Vol VIII, Issue 3
Date of Publication: July 02, 2023
There are gross inequities in access to non-communicable disease (NCD) care in India. The Indian state of Tamil Nadu recently launched the “Medicine at people’s doorstep” (Makkalai Thedi Maruthuvam — MTM) scheme in which screening and medications for NCDs are delivered at people’s doorsteps. This is likely to improve geographical access to NCD services in the community. The objective of this study is to analyse the MTM scheme and recommend policy interventions for improved and equitable access to NCD services in the community. We analysed the MTM policy document using the intersectionality-based policy analysis framework. This analysis was supplemented further with literature review to enhance understanding of the various intersecting axes of inequities, such as gender discrimination, caste oppression, poverty, disabilities and geographical access barriers. The MTM policy document, while it removes the physical access barrier, does not frame the problem of NCDs from an intersectionality perspective. This can increase the chances of inequities in access to NCD services persisting despite this scheme. We also recommend interventions for the short, intermediate and long term to make NCD care more accessible. Creation of a gender, caste, class, geographical access, and disabilities disaggregated database of patients with NCDs, using this database for monitoring the delivery of MTM services, dynamic mapping of vulnerability of the target populations for delivery of MTM services and long term ongoing digital surveillance of factors inducing inequities to access of NCD services can all help reduce inequities in access to NCD care.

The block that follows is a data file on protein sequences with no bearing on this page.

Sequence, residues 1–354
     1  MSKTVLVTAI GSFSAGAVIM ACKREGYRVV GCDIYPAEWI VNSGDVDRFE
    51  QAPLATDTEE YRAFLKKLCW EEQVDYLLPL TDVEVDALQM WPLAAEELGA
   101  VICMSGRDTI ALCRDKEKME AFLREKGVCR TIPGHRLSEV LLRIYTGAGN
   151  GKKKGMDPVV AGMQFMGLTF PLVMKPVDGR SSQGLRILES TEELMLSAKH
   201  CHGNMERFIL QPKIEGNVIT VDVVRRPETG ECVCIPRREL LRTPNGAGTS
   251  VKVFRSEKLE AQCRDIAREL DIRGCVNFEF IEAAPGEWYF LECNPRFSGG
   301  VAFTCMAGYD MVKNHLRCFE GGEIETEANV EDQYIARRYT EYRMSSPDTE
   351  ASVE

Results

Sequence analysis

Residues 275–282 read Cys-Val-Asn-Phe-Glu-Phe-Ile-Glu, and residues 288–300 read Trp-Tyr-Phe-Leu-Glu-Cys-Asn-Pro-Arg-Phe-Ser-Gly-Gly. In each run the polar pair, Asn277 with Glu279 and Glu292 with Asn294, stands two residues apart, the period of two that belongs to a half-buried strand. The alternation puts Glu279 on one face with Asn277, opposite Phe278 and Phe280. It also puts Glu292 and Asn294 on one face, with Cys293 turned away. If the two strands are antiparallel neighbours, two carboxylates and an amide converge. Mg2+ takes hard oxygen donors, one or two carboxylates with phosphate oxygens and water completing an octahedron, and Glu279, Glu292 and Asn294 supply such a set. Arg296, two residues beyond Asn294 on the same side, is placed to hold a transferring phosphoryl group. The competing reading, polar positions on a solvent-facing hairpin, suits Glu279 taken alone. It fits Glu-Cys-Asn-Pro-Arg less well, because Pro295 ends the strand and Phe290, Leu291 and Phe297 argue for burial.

Copyright and license
©Indian Journal of Medical Ethics 2023: Open Access and Distributed under the Creative Commons license ( CC BY-NC-ND 4.0), which permits only non-commercial and non-modified sharing in any medium, provided the original author(s) and source are credited.